Mississippi Hard-Hit by Katrina Mississippi suffers some of the heaviest damage from Hurricane Katrina. The Gulf Coast areas around Gulfport and Biloxi are among the hardest hit. Federal and state authorities rush emergency supplies and assistance to the region. Gov. Haley Barbour says the death toll in one Mississippi county could reach 80.
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Mississippi Hard-Hit by Katrina

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Mississippi Hard-Hit by Katrina

Mississippi Hard-Hit by Katrina

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RENEE MONTAGNE, host:

Mississippi suffered some of the heaviest damage from Hurricane Katrina. The Gulf Coast areas around Gulfport and Biloxi are among the hardest hit. Federal and state authorities are rushing emergency supplies and assistance to the region, and search and rescue operations continue today in heavily flooded areas. Thousands of people remain in shelters, unable to return to their home. NPR's David Schaper is in Jackson, Mississippi.

And, David, tell us this morning, what is the latest?

DAVID SCHAPER (NPR News): Well, in the words of Mississippi Governor Haley Barbour yesterday, `Mississippi was hit like a ton of bricks.' It got the full brunt force of Katrina. The fire chief in Gulfport, Mississippi, called it complete devastation there, estimating some 75 percent of the buildings suffered major roof damage. There are significant numbers of injuries and fatalities being reported in that area of the Gulf Coast of Mississippi.

To some people in Mississippi, it may have been a bit of a surprise. I'm told not quite as many people evacuated the area as did in New Orleans and other parts further west, because that's where they anticipated the storm making landfall. But the storm made landfall to the East of New Orleans and passed overland up through the eastern half of Mississippi.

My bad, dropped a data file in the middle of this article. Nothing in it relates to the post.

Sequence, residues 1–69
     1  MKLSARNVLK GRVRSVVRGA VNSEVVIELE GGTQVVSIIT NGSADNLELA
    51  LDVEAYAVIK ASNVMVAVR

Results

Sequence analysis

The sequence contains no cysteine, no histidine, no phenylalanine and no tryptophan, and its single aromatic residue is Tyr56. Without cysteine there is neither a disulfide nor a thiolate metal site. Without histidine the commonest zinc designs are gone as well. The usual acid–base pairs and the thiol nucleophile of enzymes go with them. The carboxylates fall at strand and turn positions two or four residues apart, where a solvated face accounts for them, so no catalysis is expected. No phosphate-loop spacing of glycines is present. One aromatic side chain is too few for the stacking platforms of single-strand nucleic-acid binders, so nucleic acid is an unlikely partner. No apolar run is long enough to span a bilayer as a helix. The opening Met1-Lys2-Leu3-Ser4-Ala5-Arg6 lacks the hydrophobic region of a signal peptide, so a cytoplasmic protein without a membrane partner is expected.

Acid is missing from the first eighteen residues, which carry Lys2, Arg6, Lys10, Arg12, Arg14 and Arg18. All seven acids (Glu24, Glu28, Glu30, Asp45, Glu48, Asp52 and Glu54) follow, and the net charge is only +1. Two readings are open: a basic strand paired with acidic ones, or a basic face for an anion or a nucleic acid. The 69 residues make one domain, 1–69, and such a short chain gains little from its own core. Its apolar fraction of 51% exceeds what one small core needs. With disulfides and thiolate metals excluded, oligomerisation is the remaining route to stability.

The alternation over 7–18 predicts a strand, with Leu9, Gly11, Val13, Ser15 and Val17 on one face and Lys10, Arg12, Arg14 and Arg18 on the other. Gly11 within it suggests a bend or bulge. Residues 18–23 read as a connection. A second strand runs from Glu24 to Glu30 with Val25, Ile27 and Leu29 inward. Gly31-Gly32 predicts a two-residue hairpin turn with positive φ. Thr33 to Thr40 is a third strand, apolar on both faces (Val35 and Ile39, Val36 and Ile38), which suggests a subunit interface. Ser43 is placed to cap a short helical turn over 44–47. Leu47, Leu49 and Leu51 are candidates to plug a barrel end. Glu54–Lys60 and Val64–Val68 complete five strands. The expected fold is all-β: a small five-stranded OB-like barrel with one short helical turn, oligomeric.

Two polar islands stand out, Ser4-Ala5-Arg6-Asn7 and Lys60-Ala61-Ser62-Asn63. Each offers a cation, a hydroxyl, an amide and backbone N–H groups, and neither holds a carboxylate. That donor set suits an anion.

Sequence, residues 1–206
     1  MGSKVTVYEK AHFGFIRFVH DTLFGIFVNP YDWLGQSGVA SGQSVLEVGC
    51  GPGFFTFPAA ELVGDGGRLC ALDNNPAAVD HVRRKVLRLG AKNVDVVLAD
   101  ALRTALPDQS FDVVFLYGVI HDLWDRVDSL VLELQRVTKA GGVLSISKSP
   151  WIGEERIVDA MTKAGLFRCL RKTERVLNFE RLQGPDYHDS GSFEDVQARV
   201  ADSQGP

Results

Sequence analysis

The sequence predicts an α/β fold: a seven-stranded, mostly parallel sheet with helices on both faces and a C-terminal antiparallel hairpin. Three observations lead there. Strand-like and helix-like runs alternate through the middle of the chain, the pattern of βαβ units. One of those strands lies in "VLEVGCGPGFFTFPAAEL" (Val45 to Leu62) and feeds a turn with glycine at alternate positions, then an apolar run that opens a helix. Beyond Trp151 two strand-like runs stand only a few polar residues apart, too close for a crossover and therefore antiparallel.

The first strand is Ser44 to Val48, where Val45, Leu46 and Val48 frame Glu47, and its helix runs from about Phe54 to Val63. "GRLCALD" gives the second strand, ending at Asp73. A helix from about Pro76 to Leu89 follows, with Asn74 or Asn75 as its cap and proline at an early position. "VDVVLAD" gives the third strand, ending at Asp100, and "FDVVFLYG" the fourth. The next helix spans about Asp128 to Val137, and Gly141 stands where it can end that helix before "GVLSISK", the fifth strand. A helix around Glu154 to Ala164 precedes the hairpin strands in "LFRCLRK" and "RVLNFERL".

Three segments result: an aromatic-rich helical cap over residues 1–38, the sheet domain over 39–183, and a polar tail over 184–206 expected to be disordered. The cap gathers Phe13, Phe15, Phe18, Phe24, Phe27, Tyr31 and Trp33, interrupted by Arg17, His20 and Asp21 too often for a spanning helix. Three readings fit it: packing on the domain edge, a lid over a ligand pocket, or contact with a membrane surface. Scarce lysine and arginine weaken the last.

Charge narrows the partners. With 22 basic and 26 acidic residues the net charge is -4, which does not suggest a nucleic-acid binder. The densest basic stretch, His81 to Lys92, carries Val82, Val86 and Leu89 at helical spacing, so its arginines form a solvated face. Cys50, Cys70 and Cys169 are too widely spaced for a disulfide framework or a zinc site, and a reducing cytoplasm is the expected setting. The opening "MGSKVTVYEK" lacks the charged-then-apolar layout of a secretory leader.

I'm also hearing about substantial damage in cities further inland like Hattiesburg and Meridian, even up towards Tupelo in the northern part of the state as wind gusts were clocked at 70 to 100 miles an hour even 100 miles inland from the Gulf.

MONTAGNE: And it appears this morning, sadly, that Mississippi has most of those who di--who have died so far in the hurricane.

SCHAPER: Yeah, there are some wire and newspaper reports this morning of as many as 50 people killed with as many as 30 or more being reported killed in one apartment building in Gulfport, Mississippi. But the Mississippi Emergency Management Authority is only confirming three deaths so far, and that was late in the afternoon yesterday. But officials at that point did fear that the number could climb today as they reached some of the more heavily damaged areas today. And it does appear that the casualty figures will rise.

MONTAGNE: And with a huge rescue and recovery operation going on, what do you know about what will be happening today?

SCHAPER: In Mississippi, the Mississippi Emergency Management Agency, or MEMA, is beginning search, rescue and recovery operations with teams that left the state capital here in Jackson last night to head to the Gulf area. I understand they did arrive in places like Gulfport and Biloxi last night, and this morning they're hoping to use helicopters and planes, even boats, to survey the damage, to look for those who still might be stranded by yesterday's hurricane. It's going to have to be a massive relief effort. The damage reports coming in are just hugely substantial.

MONTAGNE: And you're there in Jackson, Mississippi, not as hard-hit as Biloxi, for instance, but what--look around you, and what does it look like there?

SCHAPER: Well, here in Jackson there are trees down all over the place and really throughout the state of Mississippi. As I drove down here last night and through the day yesterday and surveyed some of the damage myself, there's trees down over roads. Many of the roads are impassable because they're either blocked by trees or, as you get further south, you know, the storm surge flooded out roads completely. There's a lot of local flooding, because the rain totals have been heavy, and there are just huge areas without power. Electricity has been out really from Florida into Louisiana and as many as a million people or more still may be without electricity. It's going to take a long time for them to get a lot of the electricity restored.

MONTAGNE: David, thanks very much. NPR's David Schaper in Jackson, Mississippi.

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